title="Baldons Parish Council in Oxfordshire">

From the Vicar May 2017

From Canon Sue Booys


I wonder what you love about the month of May – it’s a month full of ancient traditions especially around the beginning of the month. In pre- Christian times flowers, dancing and celebration were all important. So at this time of year we feel a real association with our Anglo Saxon ancestors as we celebrate the warming of the seasons and the richness promised in field and garden which we celebrate with flower shows and festivals, school and village fetes and plant shows – and of course, barbeques!


A May Day tradition that has gone out of fashion was to leave a May Basket – a secret gift of sweet things anonymously on someone’s doorstep. A kind of reversal of ‘trick or treat’, I suppose, but one that has gone out of fashion! In parts of the Church St. Mary the mother of Jesus is remembered on May Day – and more recently Joseph as well! Unless we have a later Easter two other important Christian festivals often fall in May Ascension Day and Pentecost or Whitsun!


Many of our local schools continue the tradition of May Dancing and still teach the skills of dancing around a Maypole and the steps required for English country dances (more often known today as ‘Barn’ dances and Ceilidhs). However the beginning of May is not all good news in places of education as it brings with it the season of examination as well as celebration – though there were not nearly so many of them exams have been held in May and June for centuries in our country (and elsewhere in western Europe) in order for them to be out of the way before Harvest when the young men who took them often needed to return home to help.


So many of the things we celebrate throughout the year are given us by the seasons and the traditions associated with them. Though I guess that our ancestors would not always recognise the things we do thinking that we are re-enacting the past!! That’s good!! Tradition is a living breathing thing that happens when people take the things they value and interpret them for their own time and in their own way. Sometimes that ogre ‘the Church’ is accused of ‘taking over’ ancient traditions and making them ‘religious’ when really they are ‘just’ ancient. Then, of course, there’s the question of Easter Eggs and bunnies and how that has grown out of the Christian teaching about Easter which, in turn, overlays earlier and more ancient origins.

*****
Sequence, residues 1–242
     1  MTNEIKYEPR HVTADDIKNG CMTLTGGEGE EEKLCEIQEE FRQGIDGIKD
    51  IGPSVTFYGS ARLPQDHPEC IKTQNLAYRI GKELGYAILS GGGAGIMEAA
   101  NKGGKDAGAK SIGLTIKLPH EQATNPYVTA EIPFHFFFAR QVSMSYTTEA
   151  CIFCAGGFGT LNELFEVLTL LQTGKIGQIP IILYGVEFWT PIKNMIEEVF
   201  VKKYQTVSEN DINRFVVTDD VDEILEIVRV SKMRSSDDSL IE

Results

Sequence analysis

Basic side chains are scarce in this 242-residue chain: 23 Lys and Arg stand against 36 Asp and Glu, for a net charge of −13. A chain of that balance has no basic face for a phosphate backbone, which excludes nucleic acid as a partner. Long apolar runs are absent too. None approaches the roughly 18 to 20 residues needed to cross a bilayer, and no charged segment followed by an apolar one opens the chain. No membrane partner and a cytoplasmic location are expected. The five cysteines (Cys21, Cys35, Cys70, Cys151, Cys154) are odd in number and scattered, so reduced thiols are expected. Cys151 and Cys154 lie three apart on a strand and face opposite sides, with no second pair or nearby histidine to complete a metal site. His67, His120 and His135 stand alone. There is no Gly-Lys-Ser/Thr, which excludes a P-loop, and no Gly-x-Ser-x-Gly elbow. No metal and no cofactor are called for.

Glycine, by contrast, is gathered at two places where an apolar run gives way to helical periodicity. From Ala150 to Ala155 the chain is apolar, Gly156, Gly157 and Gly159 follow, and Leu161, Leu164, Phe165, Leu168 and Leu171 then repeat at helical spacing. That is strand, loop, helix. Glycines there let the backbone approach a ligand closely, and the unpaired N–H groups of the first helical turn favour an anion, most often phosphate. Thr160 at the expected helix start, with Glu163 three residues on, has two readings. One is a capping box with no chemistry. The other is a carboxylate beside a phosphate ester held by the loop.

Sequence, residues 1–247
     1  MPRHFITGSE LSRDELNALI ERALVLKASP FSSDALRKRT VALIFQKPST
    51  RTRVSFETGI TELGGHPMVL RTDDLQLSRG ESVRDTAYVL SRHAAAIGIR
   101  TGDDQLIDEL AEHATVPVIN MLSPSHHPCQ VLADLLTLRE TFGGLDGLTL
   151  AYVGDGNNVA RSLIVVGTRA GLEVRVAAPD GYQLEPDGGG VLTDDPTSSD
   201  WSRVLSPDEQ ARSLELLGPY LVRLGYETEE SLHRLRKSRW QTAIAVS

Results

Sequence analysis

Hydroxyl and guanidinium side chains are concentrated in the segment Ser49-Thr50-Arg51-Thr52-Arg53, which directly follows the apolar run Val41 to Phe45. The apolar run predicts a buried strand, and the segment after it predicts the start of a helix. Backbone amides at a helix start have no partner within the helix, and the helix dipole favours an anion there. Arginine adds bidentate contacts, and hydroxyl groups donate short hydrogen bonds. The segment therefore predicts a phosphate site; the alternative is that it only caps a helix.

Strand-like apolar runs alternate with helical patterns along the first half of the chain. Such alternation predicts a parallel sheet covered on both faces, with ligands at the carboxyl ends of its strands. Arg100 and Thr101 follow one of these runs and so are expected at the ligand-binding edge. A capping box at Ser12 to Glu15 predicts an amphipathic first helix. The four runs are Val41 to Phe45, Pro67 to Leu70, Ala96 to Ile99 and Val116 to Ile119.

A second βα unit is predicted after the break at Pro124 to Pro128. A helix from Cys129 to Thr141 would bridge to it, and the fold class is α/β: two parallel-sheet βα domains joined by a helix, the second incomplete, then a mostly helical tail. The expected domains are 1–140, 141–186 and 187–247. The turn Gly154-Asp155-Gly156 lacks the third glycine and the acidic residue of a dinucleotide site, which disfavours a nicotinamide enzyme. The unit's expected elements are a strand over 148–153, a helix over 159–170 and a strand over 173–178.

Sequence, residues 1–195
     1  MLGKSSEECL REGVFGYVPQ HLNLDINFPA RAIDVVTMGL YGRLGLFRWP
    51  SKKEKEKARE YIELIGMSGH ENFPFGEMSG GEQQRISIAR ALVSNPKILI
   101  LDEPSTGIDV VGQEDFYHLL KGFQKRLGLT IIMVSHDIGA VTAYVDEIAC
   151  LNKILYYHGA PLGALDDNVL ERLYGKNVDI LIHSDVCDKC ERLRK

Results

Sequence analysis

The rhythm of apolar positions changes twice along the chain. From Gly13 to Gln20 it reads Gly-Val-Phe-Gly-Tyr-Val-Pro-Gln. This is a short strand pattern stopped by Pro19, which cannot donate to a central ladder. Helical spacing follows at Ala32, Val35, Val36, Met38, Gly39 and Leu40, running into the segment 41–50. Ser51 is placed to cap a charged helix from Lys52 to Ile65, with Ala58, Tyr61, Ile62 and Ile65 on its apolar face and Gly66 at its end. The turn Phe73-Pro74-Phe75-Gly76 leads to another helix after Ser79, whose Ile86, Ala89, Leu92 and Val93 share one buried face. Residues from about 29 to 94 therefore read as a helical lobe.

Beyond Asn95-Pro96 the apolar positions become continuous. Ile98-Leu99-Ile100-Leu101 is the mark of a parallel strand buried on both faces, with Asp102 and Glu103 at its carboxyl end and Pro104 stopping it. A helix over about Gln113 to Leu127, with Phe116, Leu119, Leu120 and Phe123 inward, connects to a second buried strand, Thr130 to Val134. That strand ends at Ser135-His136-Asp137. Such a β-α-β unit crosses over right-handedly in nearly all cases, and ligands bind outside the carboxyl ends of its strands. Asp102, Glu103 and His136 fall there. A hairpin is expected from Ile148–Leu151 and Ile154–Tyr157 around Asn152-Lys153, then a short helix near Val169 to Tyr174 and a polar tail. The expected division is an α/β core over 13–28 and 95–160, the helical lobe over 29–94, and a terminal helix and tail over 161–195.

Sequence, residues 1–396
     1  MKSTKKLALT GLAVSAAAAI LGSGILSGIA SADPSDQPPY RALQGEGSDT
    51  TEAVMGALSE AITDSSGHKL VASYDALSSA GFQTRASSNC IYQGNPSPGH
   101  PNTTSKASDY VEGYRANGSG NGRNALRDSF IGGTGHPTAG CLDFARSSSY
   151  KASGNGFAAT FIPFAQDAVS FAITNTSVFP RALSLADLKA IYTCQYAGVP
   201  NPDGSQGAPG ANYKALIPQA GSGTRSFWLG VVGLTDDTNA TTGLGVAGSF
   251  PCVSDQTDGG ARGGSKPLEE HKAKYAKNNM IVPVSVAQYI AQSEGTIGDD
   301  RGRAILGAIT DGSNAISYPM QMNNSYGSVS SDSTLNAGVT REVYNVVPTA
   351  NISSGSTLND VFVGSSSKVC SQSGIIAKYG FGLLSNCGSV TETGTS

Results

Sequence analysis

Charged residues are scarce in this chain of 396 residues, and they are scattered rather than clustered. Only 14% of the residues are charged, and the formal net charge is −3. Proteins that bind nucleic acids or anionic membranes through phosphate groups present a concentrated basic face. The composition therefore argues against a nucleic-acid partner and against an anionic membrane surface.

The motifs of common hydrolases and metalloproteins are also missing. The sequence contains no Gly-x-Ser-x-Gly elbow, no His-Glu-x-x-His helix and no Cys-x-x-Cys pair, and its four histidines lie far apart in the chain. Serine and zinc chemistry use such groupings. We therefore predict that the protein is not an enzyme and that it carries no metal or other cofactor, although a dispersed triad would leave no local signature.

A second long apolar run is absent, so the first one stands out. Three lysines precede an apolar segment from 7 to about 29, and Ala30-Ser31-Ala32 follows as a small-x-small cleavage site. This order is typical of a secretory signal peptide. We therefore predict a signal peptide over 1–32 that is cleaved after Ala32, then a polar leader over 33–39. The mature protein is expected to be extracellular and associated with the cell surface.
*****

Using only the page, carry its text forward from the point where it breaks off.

Amongst any group of people there will be those who continually reinterpret the past – in order to value tradition and make it real in their own time and culture. This happens in families, in villages and local communities – as well as across the world. Perhaps it doesn’t matter “who started what?” or even “whose tradition is the most authentic” – more important I suspect is the fact that we value our past enough to want to make it part of our present. That we value one another enough to share what’s important to us and that we value what we believe enough to be confident about our own beliefs without feeling they have to be imposed – because sharing is enough. Maybe that tradition of secret generosity exemplified by the ‘May Basket’ could do with a revival!


The Revd Paul Cawthorne is Team vicar for The Baldons with Nuneham Courtenay, Berinsfield and Drayton St Leonard.

e-mail: bbdparishoffice@rocketmail.com      and tel: 01865 340460

A clergy person can always be reached in a pastoral emergency by ringing the Dorchester Team Office 01865 340007